COVID-19 Canada | CTV News | Coronavirus
How to protect your mental health during the COVID-19 pandemic
TORONTO -- Mental health experts at the World Health Organization have published a guide to help people reduce stress and anxiety around the COVID-19 pandemic.
Aiysha Malik, from the WHO’s mental health and substance use department, shares some of the ways families in self-isolation and workers can reduce the burden on their mental health.
“What we’re seeing right now with COVID-19 is an increase in stress, fear, worry and anxiety,” Malik told CTV’s Your Morning Wednesday.
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“And these can be fears around obtaining the virus or spreading it or about getting very sick, hospitalized or even death.”
She said these fears were common and normal as we face “danger, threat and uncertainty” around COVID-19.
With more and more people working from home and others in self-isolation, this lifestyle change can also bring about discomfort, Malik added.
“There are a few simple activities we can do, for example maintaining a sense of routine or developing a new routine is very important,” she said.
“This is particularly useful for households where there are children.”
While health authorities recommend social distancing, staying six feet or just under two metres away from people to stop the spread of the coronavirus, this does not mean reducing your social support, according to Malik.
“Take advantage of the many forms of communication that we have to maintain your social contacts,” she said.
“And think about your basic needs as well. We can’t understate the importance of looking after our physical health, keeping up our activity, our diet and good sleep.”
With so much information about COVID-19 emerging daily, Malik said people with existing mental health or substance use issues may be facing the potential of a relapse.
“One thing we are advocating is, if you are finding news distressing or is increasing your worry or anxiety at this time, we can minimize how much contact we are having with the information that we find distressing,” she said.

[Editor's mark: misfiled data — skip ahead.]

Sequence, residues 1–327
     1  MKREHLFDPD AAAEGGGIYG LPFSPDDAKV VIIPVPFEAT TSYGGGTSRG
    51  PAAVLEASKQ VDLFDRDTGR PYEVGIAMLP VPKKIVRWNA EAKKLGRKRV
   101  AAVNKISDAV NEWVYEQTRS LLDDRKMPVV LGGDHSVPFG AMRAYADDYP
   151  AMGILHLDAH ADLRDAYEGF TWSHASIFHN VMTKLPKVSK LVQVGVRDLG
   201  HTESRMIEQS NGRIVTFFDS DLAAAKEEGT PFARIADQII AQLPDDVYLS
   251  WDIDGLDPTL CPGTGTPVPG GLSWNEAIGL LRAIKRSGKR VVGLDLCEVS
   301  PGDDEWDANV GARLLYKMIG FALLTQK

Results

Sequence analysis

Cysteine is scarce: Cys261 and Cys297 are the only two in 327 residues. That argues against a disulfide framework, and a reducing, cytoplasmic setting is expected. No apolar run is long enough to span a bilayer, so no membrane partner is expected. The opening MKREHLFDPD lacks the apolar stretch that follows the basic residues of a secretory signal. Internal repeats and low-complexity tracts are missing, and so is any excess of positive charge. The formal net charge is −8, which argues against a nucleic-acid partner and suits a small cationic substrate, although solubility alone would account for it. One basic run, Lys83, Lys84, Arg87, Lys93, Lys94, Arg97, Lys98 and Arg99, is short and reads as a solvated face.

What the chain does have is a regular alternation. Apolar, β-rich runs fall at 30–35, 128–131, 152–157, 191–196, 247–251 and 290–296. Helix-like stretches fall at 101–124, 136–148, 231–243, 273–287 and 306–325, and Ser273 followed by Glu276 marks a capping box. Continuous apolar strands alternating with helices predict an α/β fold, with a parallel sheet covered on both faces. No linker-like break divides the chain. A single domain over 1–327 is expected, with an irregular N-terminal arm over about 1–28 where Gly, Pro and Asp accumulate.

“This could be for example, just minimizing the news to one or two times a day and just staying in touch with the facts as you need to from the trusted sources and ultimately and importantly, ensuring you are in touch with your (healthcare) provider if you’re experiencing a worsening of your symptoms.”
The WHO posted its “mental health and psychosocial considerations during COVID-19” guide on March 12.
“These mental health considerations were developed by the WHO’s department of mental health and substance use as messages targeting different groups to support for mental and psychosocial well-being during COVID-19 outbreak,” reads the introduction to the six-page document.
It provides tips for the general population on reducing stigma around COVID-19 and avoiding misinformation. Another section deals with the challenges faced by frontline healthcare workers.
Further advice is given to those caring for the young, elderly and those in self-isolation.
“Ultimately everybody knows the things that might work for them when they’re facing stress, so use what’s worked for you before,” Malik said.